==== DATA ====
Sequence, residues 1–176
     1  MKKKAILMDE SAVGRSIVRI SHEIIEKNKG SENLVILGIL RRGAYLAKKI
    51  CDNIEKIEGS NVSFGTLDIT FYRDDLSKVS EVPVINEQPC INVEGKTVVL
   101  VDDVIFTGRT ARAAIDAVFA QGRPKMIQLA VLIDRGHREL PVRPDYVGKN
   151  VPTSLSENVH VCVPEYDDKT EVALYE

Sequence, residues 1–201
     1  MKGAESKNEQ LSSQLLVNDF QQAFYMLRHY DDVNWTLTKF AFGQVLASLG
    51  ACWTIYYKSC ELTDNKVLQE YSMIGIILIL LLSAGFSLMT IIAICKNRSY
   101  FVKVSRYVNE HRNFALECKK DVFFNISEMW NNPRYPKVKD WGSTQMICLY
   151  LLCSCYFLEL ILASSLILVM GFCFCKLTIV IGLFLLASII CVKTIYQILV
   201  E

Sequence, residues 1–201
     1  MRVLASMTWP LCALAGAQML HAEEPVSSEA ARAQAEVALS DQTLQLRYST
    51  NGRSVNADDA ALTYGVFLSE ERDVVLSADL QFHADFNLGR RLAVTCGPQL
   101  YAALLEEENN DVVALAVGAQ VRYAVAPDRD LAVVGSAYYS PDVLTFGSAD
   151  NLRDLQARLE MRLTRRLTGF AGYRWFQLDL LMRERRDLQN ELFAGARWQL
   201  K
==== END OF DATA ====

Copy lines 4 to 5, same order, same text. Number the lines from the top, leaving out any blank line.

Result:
   101  VDDVIFTGRT ARAAIDAVFA QGRPKMIQLA VLIDRGHREL PVRPDYVGKN
   151  VPTSLSENVH VCVPEYDDKT EVALYE